Sylvia Skoruch is a 4th-year student at UW who is leading the charge for acceptable and affordable housing for students in Waterloo.
Her motivation stems from her own experience this past summer when she felt she was mistreated by KW4Rent, a rental company that owns hundreds of units in the neighbourhood surrounding UW.
Skoruch says she signed a lease for a penthouse suite early in the summer.
But KW4Rent called her at the end of August and told her the room would no longer be available for rent, citing a need for repairs.
As a result, she cancelled her lease.
KW4Rent offered her other units for the same price, all of which she claims were not up to the standards of the original suite.
This left Skoruch scrambling without housing only a few days before the school term began.
She claims that KW4Rent later rented her original penthouse suite to another person, and when she called to inquire, a KW4Rent representative told her that they “discovered the place wasn’t as bad as they thought so they did a quick renovation and rented it out.”
To warn others about KW4Rent’s practices, Skoruch posted about her experience on the Facebook group “Student Housing in Waterloo,” a group with over 45,000 members that is used for buying, selling, and renting student properties in the Kitchener-Waterloo area.
The post went viral and led to many others sharing similar experiences on the page as well.
A student who wished to remain anonymous gave the Imprint an account of students living in KW4Rent units lacking stoves, hydro, beds, or working locks on doors, even though they were paying for fully furnished units.
Another student described a friend’s unit with bed bugs, which the rental agency was aware of but did not take action to rectify after weeks of notices.
“They were actually notified by KW4Rent about the bed bugs and that told (them) the issue would be dealt with before move-in day.
They moved in and it still had bed bugs so they had to stay at a hotel,” the student said.
Imprint was unable to independently verify these accounts Skoruch went on to create her own Facebook group, “Student Housing Crisis in Waterloo,” allowing students to post about their rental experiences and provide support for others going through similar situations.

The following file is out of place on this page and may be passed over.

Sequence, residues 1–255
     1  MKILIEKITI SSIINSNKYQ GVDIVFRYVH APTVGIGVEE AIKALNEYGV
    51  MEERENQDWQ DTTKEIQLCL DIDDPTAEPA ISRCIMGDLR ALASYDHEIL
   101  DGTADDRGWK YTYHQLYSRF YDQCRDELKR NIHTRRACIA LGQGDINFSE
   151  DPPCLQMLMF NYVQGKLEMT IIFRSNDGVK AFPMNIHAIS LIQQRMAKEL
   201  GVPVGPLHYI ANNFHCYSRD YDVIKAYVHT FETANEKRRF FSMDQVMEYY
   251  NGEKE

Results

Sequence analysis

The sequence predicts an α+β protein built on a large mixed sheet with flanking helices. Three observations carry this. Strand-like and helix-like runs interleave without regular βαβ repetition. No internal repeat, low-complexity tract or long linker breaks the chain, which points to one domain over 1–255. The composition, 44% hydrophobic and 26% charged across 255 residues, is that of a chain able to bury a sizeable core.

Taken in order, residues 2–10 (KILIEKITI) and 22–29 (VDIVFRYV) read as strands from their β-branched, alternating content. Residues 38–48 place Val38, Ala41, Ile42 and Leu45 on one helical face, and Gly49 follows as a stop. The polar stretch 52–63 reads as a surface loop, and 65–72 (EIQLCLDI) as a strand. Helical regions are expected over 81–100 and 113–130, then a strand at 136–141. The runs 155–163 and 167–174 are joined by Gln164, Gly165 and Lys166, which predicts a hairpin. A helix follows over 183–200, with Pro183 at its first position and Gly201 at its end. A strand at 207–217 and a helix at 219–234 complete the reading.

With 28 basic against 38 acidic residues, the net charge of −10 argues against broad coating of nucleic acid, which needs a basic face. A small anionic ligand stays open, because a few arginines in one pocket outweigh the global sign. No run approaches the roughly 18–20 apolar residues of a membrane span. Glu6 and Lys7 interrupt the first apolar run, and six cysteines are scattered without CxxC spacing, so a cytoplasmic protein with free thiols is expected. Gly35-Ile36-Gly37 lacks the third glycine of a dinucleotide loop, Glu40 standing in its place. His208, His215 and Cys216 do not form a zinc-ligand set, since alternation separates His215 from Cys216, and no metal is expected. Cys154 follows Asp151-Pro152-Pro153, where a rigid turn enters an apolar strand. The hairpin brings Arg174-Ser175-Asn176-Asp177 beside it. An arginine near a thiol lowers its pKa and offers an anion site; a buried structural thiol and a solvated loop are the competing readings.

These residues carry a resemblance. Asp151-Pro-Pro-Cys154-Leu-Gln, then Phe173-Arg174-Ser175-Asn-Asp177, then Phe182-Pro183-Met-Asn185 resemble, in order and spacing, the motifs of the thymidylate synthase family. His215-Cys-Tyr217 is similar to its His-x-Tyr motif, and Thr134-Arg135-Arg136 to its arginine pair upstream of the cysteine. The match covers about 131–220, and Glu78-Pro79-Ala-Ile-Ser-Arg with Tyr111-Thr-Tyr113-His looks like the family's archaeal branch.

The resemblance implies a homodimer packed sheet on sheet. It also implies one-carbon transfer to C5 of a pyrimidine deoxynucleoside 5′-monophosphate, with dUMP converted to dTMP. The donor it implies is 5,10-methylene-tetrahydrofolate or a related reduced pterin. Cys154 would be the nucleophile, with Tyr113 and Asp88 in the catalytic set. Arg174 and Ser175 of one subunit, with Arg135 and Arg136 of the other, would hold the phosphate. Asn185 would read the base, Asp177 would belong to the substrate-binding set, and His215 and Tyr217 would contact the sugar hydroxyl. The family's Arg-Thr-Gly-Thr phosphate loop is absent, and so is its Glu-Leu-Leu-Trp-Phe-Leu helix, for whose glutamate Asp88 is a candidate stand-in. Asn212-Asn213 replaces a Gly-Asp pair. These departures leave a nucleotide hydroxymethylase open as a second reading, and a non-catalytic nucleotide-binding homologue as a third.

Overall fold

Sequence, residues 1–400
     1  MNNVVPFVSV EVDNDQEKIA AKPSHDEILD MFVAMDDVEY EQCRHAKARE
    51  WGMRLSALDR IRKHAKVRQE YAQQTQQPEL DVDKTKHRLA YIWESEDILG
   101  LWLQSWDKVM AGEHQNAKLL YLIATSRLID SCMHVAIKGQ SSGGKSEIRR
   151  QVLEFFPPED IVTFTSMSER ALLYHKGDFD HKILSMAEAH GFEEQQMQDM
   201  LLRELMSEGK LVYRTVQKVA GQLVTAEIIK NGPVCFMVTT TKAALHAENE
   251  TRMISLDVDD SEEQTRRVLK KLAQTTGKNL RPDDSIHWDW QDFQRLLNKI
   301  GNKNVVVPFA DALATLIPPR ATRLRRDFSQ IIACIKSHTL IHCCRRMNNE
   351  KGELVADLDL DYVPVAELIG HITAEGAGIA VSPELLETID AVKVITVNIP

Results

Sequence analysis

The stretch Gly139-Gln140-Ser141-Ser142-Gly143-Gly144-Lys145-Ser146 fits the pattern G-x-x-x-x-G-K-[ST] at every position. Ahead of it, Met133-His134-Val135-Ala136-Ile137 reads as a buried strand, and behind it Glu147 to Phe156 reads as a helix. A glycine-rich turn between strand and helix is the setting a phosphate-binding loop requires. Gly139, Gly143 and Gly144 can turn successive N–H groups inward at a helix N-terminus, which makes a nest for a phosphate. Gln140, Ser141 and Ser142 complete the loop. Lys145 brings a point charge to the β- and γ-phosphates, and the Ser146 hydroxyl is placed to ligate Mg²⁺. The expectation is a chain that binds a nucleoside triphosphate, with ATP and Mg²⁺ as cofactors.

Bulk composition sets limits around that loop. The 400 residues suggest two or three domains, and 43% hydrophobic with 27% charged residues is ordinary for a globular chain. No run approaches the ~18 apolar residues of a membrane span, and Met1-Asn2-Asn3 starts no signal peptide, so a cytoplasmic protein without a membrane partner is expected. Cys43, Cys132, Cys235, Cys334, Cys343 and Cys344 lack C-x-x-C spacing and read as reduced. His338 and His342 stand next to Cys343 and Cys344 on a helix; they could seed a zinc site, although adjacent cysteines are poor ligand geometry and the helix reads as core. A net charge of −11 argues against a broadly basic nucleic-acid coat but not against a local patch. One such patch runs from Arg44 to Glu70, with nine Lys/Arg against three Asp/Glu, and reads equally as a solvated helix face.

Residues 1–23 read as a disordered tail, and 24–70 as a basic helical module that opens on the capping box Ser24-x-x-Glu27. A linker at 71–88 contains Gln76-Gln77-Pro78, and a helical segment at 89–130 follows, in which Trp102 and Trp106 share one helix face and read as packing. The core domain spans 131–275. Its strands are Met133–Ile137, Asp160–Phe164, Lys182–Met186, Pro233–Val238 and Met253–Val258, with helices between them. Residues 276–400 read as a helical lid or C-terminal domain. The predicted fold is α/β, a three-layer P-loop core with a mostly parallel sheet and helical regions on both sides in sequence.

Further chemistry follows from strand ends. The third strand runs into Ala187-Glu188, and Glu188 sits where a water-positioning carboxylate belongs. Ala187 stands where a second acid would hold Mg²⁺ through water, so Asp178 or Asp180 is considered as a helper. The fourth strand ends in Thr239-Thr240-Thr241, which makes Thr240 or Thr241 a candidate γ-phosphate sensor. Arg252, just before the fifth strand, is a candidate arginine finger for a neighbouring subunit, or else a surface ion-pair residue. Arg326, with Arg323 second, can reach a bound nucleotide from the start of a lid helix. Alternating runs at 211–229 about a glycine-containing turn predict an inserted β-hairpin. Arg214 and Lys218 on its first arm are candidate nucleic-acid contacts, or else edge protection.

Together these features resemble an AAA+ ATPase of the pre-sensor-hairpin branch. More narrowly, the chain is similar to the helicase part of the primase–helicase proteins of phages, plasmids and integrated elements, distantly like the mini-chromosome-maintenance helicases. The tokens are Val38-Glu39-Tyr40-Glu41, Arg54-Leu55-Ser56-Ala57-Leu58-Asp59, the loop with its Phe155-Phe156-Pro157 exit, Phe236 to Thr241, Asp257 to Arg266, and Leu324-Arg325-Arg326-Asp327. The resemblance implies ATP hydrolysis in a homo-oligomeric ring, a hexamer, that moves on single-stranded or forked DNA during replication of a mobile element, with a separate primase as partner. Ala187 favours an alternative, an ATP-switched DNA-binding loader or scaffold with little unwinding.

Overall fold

The group has amassed over 1,000 members in less than 3 days since its creation.
Skoruch also told Imprint that she has been in contact with the office of Waterloo MPP Catherine Fife discussing possible courses of action.
Together they are in the process of compiling student testimonies to send to the Ontario Ministry of Municipal Affairs and Housing and are also exploring the presentation of a petition to Queen’s Park in regards to the unaffordable and inadequate student housing.
The state of student housing in Waterloo has become a hot topic this month thanks to Skoruch and a data breach at Accommod8u, another large rental agency in Waterloo. That leak revealed over 6,000 maintenance requests.
WUSA has also stepped up to take action, discussing the issue at their Students’ Council meeting on Sep. 14.
Among the topics discussed at the meeting was the formation of a committee on student housing in early October which would include affected students and other parties.
WUSA also plans to publish a report on student housing sometime in November, which will advise on any legal actions students or the association can take in response to the scandal.
Speaking to Imprint, WUSA Vice-President of Education Matthew Gerrits said that despite the wishes of many students, there would be no avenue for a class-action lawsuit through the Landlord and Tenant Board (LTB).
“We have been in touch with our lawyers to see whether students can pursue [a class-action lawsuitsuit] outside of the [LTB] and what their options are within it…as well as whether WUSA can pursue a lawsuit on their behalf,” Gerrit added.
Gerrit also urged students to be aware of their tenant rights and seek legal counsel if they felt they were being mistreated.
As the council meeting, Skoruch proposed the idea of a reserve fund for rent payments or a shelter for students in need of emergency housing, saying that many students have been sleeping in the SLC or friends’ couches due to a lack of suitable, available units.
WUSA was receptive to this suggestion and said they will explore the option in their report. While WUSA has been taking steps to help students, they have not been immune from criticism either.
During the welcome week carnival, the WUSA Instagram account posted an advertisement for a KW4Rent booth at the event, sparking an outcry on social media.
The post was brought up at the council meeting, to which a WUSA executive apologized but defended the team’s actions, saying that the advertising money—all of which has already been spent—was received prior to the scandal.
The executive also noted that WUSA set up a booth right next to KW4Rent’s to advise students about tenant rights.
The Kitchener-Waterloo Revolution Student Movement has also planned a rally at Waterloo City Hall on Sep. 23 to protest the practices of rental agencies and urge the city to take action.
More than 300 students have indicated their interest in the event on Facebook.
Skoruch is unsure whether she will speak at the rally as she is concentrated on her work with MPP Fife’s office, but urged students to take action. “Making a fuss and speaking up is what will cause these landlords to clean up their act,” she said. “I’m sick of this housing situation.”